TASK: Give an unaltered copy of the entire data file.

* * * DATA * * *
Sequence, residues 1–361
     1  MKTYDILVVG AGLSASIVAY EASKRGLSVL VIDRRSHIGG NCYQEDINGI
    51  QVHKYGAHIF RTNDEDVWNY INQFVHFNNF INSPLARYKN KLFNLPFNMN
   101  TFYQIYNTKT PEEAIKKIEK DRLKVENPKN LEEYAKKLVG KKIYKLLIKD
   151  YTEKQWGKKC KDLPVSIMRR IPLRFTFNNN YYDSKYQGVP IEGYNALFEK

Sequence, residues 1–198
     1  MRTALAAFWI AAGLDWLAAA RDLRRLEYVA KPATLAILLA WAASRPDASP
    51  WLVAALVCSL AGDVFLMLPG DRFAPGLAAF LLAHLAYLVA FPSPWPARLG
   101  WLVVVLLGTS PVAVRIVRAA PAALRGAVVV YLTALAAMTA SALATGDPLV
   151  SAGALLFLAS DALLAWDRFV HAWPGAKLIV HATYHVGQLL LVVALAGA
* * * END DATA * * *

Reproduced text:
Sequence, residues 1–361
     1  MKTYDILVVG AGLSASIVAY EASKRGLSVL VIDRRSHIGG NCYQEDINGI
    51  QVHKYGAHIF RTNDEDVWNY INQFVHFNNF INSPLARYKN KLFNLPFNMN
   101  TFYQIYNTKT PEEAIKKIEK DRLKVENPKN LEEYAKKLVG KKIYKLLIKD
   151  YTEKQWGKKC KDLPVSIMRR IPLRFTFNNN YYDSKYQGVP IEGYNALFEK

Sequence, residues 1–198
     1  MRTALAAFWI AAGLDWLAAA RDLRRLEYVA KPATLAILLA WAASRPDASP
    51  WLVAALVCSL AGDVFLMLPG DRFAPGLAAF LLAHLAYLVA FPSPWPARLG
   101  WLVVVLLGTS PVAVRIVRAA PAALRGAVVV YLTALAAMTA SALATGDPLV
   151  SAGALLFLAS DALLAWDRFV HAWPGAKLIV HATYHVGQLL LVVALAGA